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This is a solved example in my text book"Engineering mechanics dynamics. R.C.Hibbeler" :

The 3 kg disk is attached to the end of a cord. The other end of the cord is attached to a ball and socket joint located at the center of the platform. If the platform rotates rapidly, and the disk is placed on it and released from rest, determine the time it takes for the disk to reach a spead great enough to break the cord. The maximum tension the cord can sustain is 100 N.. And the coefficient of the kinetic friction between the disk and the platform is 0.1

when the free body diagram of the particle was drawn, the friction force was considered in the tangential direction,, but it wasn't considered in the normal direction(tension was only considered) why? I was expecting that there is kinetic friction in the normal direction, since the disk is moving relative to the platform.
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Because friction resists either a centrifugal force or a centripetal force - ie friction opposes any motion.

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  • $\begingroup$ This is in static analysis but in the dynamic analysis, the friction force will be in the same direction of the motion. $\endgroup$ – Muhammad Abdulrasool Jun 27 '17 at 11:47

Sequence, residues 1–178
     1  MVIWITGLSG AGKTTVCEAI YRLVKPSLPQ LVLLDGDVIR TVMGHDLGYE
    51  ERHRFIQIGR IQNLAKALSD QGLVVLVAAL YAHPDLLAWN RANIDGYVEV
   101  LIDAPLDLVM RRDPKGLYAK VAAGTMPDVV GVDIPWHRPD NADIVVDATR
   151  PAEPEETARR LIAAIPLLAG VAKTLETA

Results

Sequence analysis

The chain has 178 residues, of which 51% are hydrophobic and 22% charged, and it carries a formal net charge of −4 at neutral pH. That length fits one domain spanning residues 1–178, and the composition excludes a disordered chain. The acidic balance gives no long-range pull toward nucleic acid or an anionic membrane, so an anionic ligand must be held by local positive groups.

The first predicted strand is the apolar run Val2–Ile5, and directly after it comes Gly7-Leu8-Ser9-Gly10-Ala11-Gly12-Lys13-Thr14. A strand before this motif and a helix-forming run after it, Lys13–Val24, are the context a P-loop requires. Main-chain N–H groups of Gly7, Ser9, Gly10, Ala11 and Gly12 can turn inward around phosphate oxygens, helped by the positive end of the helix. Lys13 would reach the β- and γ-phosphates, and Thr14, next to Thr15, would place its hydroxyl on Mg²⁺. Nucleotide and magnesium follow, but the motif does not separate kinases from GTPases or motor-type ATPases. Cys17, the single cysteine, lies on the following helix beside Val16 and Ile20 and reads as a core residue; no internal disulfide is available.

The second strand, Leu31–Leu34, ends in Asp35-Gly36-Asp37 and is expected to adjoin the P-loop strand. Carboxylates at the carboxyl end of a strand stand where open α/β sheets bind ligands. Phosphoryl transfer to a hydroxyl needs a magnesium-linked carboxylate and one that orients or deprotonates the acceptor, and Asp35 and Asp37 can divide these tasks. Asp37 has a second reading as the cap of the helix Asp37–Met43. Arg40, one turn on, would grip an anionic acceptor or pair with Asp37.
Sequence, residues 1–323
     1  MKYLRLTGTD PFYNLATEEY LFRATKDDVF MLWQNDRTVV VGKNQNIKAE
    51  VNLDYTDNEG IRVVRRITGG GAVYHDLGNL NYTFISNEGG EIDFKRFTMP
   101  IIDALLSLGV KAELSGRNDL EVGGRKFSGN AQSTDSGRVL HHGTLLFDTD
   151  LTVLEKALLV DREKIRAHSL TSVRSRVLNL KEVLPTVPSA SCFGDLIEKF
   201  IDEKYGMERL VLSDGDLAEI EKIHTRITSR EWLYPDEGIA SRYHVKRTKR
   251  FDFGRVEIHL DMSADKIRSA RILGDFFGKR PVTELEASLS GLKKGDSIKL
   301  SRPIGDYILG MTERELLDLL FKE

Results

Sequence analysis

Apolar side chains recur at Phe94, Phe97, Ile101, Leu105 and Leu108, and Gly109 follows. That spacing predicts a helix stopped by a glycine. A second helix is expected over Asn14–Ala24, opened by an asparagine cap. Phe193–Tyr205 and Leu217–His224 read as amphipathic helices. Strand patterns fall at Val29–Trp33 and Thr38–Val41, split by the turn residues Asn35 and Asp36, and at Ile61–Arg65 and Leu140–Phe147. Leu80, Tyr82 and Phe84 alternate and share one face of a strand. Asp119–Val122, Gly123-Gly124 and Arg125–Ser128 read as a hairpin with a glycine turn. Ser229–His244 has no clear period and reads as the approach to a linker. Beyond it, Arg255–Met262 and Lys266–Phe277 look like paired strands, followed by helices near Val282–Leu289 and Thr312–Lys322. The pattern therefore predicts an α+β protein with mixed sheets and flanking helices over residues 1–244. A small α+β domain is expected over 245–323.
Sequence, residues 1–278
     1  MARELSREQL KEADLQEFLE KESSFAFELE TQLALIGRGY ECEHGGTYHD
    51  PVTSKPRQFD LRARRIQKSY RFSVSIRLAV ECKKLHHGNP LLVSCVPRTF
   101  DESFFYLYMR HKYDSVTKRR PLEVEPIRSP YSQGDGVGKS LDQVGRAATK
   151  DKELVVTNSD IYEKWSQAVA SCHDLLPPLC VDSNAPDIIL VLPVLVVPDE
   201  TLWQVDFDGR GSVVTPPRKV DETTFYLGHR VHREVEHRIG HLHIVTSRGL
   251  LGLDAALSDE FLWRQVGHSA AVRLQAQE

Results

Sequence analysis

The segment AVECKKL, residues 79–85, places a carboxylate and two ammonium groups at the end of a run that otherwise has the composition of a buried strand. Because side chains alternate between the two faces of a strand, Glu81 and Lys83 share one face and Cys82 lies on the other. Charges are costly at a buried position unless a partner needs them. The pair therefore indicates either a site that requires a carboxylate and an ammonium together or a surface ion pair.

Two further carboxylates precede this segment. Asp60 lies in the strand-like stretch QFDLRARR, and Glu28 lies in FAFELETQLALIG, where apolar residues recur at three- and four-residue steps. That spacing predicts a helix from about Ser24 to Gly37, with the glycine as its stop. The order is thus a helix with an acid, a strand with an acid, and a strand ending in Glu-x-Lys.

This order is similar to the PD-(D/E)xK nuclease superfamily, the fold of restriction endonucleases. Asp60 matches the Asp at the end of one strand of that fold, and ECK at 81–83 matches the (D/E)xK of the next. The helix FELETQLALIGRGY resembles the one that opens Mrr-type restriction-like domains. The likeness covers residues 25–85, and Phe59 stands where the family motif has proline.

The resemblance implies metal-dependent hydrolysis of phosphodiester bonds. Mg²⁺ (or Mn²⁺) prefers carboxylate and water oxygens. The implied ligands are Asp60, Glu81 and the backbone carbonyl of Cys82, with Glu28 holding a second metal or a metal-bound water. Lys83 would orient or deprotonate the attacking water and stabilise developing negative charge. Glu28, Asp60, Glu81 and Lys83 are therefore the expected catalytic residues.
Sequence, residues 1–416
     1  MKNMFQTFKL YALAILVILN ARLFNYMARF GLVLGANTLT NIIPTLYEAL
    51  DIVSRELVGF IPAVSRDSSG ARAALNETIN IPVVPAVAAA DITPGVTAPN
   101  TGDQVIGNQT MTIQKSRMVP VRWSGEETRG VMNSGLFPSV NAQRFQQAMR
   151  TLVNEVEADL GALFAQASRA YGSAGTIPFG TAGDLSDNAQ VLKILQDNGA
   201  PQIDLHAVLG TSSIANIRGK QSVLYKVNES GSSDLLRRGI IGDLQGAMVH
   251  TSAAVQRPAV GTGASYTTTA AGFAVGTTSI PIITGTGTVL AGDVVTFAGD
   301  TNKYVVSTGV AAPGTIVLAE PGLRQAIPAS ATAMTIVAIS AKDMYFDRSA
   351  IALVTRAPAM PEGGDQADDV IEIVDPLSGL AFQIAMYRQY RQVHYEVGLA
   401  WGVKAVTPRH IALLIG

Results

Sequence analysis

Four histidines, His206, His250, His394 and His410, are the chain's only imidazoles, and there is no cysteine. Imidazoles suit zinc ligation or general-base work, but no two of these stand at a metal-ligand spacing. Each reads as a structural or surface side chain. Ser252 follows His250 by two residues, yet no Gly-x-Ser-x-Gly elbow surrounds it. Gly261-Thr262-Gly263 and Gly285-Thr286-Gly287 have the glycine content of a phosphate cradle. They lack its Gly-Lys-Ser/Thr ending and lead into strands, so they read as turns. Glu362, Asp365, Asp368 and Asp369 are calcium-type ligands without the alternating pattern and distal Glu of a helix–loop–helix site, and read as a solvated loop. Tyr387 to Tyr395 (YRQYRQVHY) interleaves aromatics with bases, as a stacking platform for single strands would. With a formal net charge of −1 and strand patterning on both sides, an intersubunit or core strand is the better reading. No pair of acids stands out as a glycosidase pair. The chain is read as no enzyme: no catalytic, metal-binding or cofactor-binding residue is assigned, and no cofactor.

• $\begingroup$ @MuhammadAbdulrasool Since when? I can't think of any scenarios where that is true. $\endgroup$ – JMac Jun 27 '17 at 12:43
  • $\begingroup$ @JMac The kinetic friction forces (plural!) always act in the same direction as the relative motion of the bodies. By Newton's third law, the two forces (one on each body) have opposite signs, of course. In complicated problems, it's usually easier to work with a consistent sign convention and some negative magnitudes, rather than drawing free body diagrams that look like "Custer's last stand" with arrows pointing every which way. $\endgroup$ – alephzero Jun 27 '17 at 13:26
  • $\begingroup$ @alephzero It acts in the opposite direction of the motion of the body. The force on one body is in the same direction as the movement of the other body. $\endgroup$ – JMac Jun 27 '17 at 13:29
  • $\begingroup$ Do friction forces on a car act to accelerate it or slow it down? $\endgroup$ – Solar Mike Jun 27 '17 at 14:27

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